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Fri Oct 18, 2013, 06:04 AM

Consolidated health care systems forbid you to see your regular doctor


For several hundred patients at the University of Pittsburgh Medical Center, it started with a certified letter informing them that they were no longer allowed to see their physicians. The reason? They were unlucky enough to have insurance called Community Blue, which is offered by a rival hospital system. Astoundingly, they were barred even if they could pay for the care themselves.

One patient, in the middle of treatment for lung cancer, said at a hearing before a State House of Representatives committee that she was prohibited from seeing her U.P.M.C. oncologist. Another, with the debilitating autoimmune disease scleroderma, said she was dismissed from the U.P.M.C. Arthritic and Autoimmune Center. A third, a five-year breast cancer survivor who needs follow-up care every six months, was cut off from the doctor who had been with her since she was first given her diagnosis.

Community Blue is sold by a company called Highmark. Like U.P.M.C., it is both a hospital system and an insurance provider, part of a growing trend toward vertical consolidation in the two industries. These and other companies insist that such consolidation streamlines the caregiving system and thus benefits the patient. But in the short term, they are waging a vicious war over patients--and as the experience in Pittsburgh shows, it?s often the patients who are losing.

Comment by Don McCanne of PNHP: Integrating health care is a great concept that theoretically should improve coordination of care, reduce duplication, provide incentives to meet quality and outcome targets, improve access to appropriate specialized care - in general, improving quality while reducing costs. That is the idea behind the Accountable Care Organizations established by the Affordable Care Act. How is it working out in the real world?

We've watched as insurers have consolidated. Although they tout that they are providing higher quality at lower costs through managed care, in fact they have used their oligopolistic leverage to limit patient access to their selected network providers. Although they contend that they are selecting the highest quality providers, in fact, they are excluding quality institutions such as academic medical centers and going with the cheapest contracts they can extract from the health care community.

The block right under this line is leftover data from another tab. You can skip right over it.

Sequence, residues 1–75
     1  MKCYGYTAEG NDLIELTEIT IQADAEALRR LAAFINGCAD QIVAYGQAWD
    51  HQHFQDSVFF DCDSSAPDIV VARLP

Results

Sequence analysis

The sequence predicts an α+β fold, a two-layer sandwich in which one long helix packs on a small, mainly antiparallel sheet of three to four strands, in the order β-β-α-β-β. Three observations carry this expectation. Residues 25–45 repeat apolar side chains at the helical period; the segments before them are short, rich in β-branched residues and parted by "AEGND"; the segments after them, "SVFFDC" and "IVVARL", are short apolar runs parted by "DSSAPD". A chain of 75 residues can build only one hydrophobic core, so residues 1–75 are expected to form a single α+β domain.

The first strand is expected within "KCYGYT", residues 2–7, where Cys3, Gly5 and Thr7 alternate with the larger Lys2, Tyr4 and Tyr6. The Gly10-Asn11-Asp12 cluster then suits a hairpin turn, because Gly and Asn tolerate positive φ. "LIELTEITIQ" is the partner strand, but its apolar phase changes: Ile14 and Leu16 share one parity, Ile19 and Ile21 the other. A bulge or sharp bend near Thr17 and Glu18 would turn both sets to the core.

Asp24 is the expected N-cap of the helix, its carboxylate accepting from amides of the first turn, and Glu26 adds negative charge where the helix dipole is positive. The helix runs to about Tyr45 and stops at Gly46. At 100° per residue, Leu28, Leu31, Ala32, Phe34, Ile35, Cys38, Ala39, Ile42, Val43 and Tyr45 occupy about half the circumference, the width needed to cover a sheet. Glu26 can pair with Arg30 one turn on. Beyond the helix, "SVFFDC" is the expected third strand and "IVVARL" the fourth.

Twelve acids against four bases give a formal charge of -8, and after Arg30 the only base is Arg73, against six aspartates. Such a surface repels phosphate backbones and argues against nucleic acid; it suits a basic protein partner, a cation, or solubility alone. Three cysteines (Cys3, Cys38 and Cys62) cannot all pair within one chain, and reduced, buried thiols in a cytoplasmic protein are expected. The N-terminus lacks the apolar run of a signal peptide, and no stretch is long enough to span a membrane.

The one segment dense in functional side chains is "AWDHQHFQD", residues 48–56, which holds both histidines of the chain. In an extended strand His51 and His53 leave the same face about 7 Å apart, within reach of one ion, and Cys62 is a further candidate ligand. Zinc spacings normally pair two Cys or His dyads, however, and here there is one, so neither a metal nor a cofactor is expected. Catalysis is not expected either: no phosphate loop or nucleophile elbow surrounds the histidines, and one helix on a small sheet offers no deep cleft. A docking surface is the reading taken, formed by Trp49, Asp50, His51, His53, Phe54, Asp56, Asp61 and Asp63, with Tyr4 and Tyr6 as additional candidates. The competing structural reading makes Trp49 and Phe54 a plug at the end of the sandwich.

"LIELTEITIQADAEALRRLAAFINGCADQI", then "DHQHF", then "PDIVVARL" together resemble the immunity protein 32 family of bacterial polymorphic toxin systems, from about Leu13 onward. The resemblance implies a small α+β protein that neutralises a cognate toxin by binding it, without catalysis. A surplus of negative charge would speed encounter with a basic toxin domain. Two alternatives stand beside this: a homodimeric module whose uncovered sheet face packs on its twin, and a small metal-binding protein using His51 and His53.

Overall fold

In response, we are witnessing an explosion in consolidation of health care providers - hospitals and physician groups - often into single entities. Obviously this results in "must have" groups that in turn have leveraged their oligopolistic negotiating power in dealing with the insurers.

Not to be outdone, we are now seeing insurers and consolidated health care systems joining together to increase their control of markets, and thereby share in the spoils. When you see patients with lung cancer, breast cancer, and scleroderma being cut off from their care strictly on the basis of realignment of the health care business models, you can dismiss the concept that these changes are changes that are designed to benefit patients. The ugly competition that is taking place between Physician-hospital-insurer entities (Phi) is cutthroat and certainly not in the patients' best interests. (Phi seems to be an appropriate symbol for these entities since, in Lacanian psychoanalysis, it is the symbol for "the phallic function."

The Affordable Care Act very specifically was designed to keep control in the private sector. Private sector business models will always do what they are designed to do - anything to make more money. If we really do want a system designed to provide the best care possible with our available resources, we need to dismiss the private insurers and put our own public stewards in charge. They would have the responsibility of answering to us.

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